On February 15, 1955, Dandridge signed a three-movie deal with 20th Century Fox starting at $75,000 a film. Darryl F. Zanuck, the studio head, had suggested the studio sign Dandridge to a contract. Zanuck had big plans for her, hoping she would become the first African-American screen icon. He purchased the film rights to The Blue Angel and intended to cast her as saloon singer Lola-Lola in an all-black remake of the original 1930 film. She was scheduled to star as Cigarette in a remake of Under Two Flags. Meanwhile, Dandridge agreed to play the role of Tuptim in a film version of The King and I and a sultry upstairs neighbor in The Lieutenant Wore Skirts. However, her former director and now-lover Otto Preminger suggested she accept only leading roles. As an international star, Dorothy Dandridge rejected the two lesser roles, and Rita Moreno was cast in both roles.[13][unreliable source?]

On April 11, 1955, Dandridge became the first black performer to open at the Empire Room at New York's Waldorf-Astoria hotel.[20] Her success as a headliner led to the hotel booking other black performers, such as the Count Basie Orchestra with vocalist Joe Williams, Pearl Bailey, and Lena Horne.[21]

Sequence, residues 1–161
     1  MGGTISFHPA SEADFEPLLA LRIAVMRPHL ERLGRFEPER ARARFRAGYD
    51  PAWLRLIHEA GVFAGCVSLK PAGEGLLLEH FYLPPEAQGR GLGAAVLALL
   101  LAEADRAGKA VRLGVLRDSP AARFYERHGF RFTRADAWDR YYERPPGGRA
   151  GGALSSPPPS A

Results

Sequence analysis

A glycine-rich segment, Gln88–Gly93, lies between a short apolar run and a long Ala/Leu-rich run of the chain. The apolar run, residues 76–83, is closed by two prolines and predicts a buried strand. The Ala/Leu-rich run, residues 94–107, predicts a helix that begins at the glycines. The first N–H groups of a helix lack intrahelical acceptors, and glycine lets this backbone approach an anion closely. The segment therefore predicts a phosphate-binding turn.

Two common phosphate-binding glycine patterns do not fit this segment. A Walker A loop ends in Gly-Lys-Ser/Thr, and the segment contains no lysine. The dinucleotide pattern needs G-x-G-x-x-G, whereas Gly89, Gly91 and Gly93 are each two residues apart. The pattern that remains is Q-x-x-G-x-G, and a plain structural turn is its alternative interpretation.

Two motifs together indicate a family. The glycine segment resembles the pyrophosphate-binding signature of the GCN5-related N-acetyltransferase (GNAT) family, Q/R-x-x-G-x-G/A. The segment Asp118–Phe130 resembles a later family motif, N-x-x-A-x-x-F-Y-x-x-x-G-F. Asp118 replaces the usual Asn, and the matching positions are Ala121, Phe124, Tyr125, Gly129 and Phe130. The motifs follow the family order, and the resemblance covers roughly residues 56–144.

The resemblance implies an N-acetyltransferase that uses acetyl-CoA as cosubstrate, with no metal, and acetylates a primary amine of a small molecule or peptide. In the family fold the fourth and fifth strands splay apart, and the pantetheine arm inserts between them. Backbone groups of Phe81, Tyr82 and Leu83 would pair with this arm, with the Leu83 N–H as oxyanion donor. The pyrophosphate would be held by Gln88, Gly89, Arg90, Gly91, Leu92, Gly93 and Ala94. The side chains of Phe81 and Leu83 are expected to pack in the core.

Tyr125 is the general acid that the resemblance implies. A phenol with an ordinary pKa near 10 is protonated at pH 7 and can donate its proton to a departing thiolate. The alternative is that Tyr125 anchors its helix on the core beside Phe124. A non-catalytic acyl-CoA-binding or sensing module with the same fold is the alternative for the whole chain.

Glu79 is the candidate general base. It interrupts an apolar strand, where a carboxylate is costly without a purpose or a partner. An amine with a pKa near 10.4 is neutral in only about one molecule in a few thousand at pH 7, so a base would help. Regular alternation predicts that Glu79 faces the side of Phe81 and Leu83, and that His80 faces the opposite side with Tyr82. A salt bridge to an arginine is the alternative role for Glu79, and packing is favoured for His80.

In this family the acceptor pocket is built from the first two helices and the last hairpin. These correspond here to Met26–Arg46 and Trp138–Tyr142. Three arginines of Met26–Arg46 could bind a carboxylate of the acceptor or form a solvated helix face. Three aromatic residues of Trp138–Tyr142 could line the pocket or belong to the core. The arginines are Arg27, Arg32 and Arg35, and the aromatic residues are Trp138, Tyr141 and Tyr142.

Hollywood Research, Inc. trial

In 1957, Dandridge sued Confidential for libel over its article that described a scandalous incident that it claimed occurred in 1950. In May 1957, she accepted an out-of-court settlement of $10,000.[22]

Los Angeles Examiner front page that highlights Dorothy Dandridge and others

Dandridge was one of two Hollywood stars who testified at the 1957 criminal libel trial of Hollywood Research, Inc., the company that published Confidential and other tabloid magazines from that era.[23] Four months after her out-of-court settlement for $10,000, she and actress Maureen O'Hara, the only other star who testified at the criminal trial, were photographed shaking hands outside the downtown-Los Angeles courtroom where the highly publicized trial was held.[23]